They promised to replace any water wells damaged by the sand mining, and they guaranteed the mine’s neighbors, who were worried about the value of their home, 3 percent annual appreciation in their home value, or the company would make up the difference.

Merlin Calhoun points out his property's location relative to a proposed frac sand mining operation. (Photo by Dan Ferber for Midwest Energy News)

Sand mine on the fast track?

Regardless of the company’s efforts, for two of those neighbors, Merlin and Susan Calhoun, the proposed sand mine is a nightmare–the end of their idyllic country life. The two live on a forested bluff overlooking the proposed sand mine on land that’s been in Susan’s family for generations. The couple have planted fruit trees—apple, pear, peach, and cherry–on the property. They keep honeybees and sell the honey through their business, the Starved Rock Honey Company.

Merlin’s voice quiets with awe when he talks about the 80-foot wooded canyon on their property, complete with a waterfall.

“When I go out at night, I can see every star. I hear the sound of barred owls. It’s the sound of country.”

The mine will bring the sound of blasting multiple times a day, plus more than 100 trucks a day rolling to and from the mine, and bright lights each night.

“We feel it’s like a snake that’s been let into the Garden of Eden,” Merlin Calhoun said.

Mine opponents like the Calhouns and Farley Andrews argue that the mining will disturb wildlife in Starved Rock State Park across the road and destroy a rare salt marsh on the mine property that may house two endangered plants. They say it will diminish the scenic value of the Illinois River Road and harm the county’s tourism industry.

Environmental groups and local opponents say that LaSalle County officials fast-tracked the mine permitting, while excluding public participation.

For example, the county’s Zoning Board of Appeals unanimously approved a zoning variance for the mine in December, despite being presented with a petition from more than 1,000 people opposing the mine.

The LaSalle County Board approved the zoning variance three weeks later, then declined in March to ask the state for a public meeting on the mine, despite being urged to do so by Illinois Lieutenant Governor Sheila Simon. Under Illinois law, only the county that houses the disputed site can request such a meeting.

“We don’t think the LaSalle County Board should be able to [make policy] for all of the state of Illinois,” said Tess Wendel, clean water organizer for the Illinois Sierra Club.

Mississippi Sand still needs permits from both the air- and water-pollution divisions of the Illinois EPA, which must consult with the Illinois Historic Preservation Agency to preserve culturally important artifacts. (The Starved Rock area is rich in Native American artifacts, including many that date back thousands of years.)

But it’s the mining permit from the state Department of Natural Resources, which covers the mine’s reclamation plans, that’s “the big Kahuna,” Wendel said. That’s because state rules direct the agency to consider both short and long-term impacts of the proposed mine on vegetation, wildlife, land use, land values, air pollution, water pollution, and even the local economy and tax base.

“We’re hopeful we’ll have the permits by the end of the summer and we’ll have the operation going by January 1, 2013,” Giordano said.

Beginnings of a boom?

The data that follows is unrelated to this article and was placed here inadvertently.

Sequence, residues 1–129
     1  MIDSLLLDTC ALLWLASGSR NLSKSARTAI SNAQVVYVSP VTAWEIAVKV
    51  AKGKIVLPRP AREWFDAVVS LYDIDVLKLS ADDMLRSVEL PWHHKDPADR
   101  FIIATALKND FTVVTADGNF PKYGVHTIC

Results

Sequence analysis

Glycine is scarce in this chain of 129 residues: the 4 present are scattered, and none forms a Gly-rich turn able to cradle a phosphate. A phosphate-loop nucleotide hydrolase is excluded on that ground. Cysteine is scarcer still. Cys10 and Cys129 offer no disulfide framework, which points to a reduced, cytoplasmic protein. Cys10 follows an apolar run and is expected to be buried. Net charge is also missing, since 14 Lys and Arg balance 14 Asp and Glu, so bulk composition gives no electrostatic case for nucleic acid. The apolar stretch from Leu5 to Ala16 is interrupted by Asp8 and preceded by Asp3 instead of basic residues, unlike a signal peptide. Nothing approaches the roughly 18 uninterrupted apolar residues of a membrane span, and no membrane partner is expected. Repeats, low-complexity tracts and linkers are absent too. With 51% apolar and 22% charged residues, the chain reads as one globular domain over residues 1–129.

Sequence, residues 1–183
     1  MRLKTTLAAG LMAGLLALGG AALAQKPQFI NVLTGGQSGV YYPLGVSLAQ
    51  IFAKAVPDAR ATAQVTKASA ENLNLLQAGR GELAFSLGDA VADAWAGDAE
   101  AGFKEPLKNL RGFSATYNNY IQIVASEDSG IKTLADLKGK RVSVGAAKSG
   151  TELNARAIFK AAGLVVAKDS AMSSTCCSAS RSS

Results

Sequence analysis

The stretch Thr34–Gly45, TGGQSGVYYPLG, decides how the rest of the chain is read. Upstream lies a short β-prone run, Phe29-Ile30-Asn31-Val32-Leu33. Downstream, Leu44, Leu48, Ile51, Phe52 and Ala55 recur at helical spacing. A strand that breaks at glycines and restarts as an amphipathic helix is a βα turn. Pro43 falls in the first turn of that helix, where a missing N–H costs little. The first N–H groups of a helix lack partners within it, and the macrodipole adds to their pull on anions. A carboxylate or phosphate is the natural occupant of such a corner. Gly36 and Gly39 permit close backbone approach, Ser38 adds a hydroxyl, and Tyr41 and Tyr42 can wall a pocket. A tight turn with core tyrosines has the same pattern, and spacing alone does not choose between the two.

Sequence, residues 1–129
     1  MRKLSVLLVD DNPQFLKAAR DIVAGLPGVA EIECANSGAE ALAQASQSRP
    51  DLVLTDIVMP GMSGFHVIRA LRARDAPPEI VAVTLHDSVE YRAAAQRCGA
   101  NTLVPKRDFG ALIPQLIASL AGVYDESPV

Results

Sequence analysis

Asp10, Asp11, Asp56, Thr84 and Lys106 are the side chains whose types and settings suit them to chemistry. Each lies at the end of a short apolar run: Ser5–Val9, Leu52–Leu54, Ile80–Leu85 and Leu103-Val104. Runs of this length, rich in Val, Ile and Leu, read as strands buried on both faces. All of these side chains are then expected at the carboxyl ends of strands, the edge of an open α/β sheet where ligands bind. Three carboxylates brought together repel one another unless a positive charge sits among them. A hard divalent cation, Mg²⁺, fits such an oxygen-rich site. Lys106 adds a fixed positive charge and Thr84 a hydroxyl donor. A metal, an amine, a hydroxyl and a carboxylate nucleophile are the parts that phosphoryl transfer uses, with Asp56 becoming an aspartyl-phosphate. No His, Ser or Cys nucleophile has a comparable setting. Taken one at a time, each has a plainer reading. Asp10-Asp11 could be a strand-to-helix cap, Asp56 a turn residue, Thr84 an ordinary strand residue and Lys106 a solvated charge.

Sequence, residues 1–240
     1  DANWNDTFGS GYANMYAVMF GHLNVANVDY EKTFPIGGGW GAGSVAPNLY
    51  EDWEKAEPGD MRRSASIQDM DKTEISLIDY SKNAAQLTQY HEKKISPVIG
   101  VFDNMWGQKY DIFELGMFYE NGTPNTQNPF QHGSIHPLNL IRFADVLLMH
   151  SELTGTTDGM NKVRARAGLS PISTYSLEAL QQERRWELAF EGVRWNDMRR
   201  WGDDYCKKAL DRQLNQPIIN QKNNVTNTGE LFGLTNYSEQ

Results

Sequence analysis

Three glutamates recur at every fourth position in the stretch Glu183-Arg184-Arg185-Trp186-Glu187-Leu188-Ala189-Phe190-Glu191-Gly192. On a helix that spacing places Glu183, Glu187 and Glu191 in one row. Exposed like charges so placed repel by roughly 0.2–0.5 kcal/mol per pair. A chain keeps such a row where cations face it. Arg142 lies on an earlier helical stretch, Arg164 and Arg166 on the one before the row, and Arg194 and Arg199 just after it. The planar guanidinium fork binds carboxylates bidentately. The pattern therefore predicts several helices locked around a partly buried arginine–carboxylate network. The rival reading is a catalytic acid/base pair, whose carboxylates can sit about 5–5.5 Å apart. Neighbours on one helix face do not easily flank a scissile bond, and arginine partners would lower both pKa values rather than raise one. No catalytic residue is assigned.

Mine opponents still hope otherwise, but their hopes are dimming. In March, the Sierra Club, Prairie Rivers Network and several dozen local opponents wrote to Marc Miller, director of the Illinois Department of Natural Resources, with a detailed argument against approving the mine.

“We’d like to see the [salt marsh] protected,” Collins said. “We want to see Starved Rock State Park protected even from nuisance things that would disturb visitors in the park.”

But Collins said that since sand mines like Mississippi Sand’s operation operate without much federal or state regulation (as compared to coal mines, for instance), it is harder for groups like hers to intervene legally to stop them.

Back in LaSalle County, another local mining company, Unimin, has recently added prime farmland to its property, donated $400,000 to the village of Utica, and persuaded that city to annex the property, Martin said. LaSalle County has strong zoning protections in place to preserve prime farmland, but the village of Utica agreed to give Unimin the zoning variation it needs to mine the land for frac sand.

Martin, the Ottawa lawyer, said that sand mining companies are discreetly shopping around LaSalle County, offering more than twice the going rate for prime farmland.

Collins and other environmentalists fear that moves like these signal the beginning of a boom that could threaten natural areas, particularly those in river valleys, throughout northern and central Illinois. These areas serve as buffers that provide wildlife habitat and filter pollution, keeping it out of rivers. And in Illinois, Collins said, “the natural lands along rivers are the last vestiges of nature we have in the state.”

Dan Ferber is an Indianapolis-based freelancer whose work has appeared in
Wired, Popular Science, Science, and other outlets. He’s the co-author, with the late Paul Epstein, MD, of Changing Planet, Changing Health: How the Climate Crisis Threatens Our Health and What We Can Do about It.

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This work by Midwest Energy News is licensed under a Creative Commons Attribution-NoDerivs 3.0 United States License.

Comments (1)

This is incredibly sad. I grew up in Illinois and spent school field trips and many family outings at Starved Rock State Park. It has huge historical significance to the local people, especially the indigenous native tribes, and is really one of the only places of undisturbed nature in that part of the state. In addition to the disturbances to visitors in the park during construction and the potential loss of wildlife, the long-term effects of this type of mining – specifically how it affects the stability of the ground, bedrock, and aquifers – should be more seriously considered by local and state officials.

By Alison on Jun 4, 2012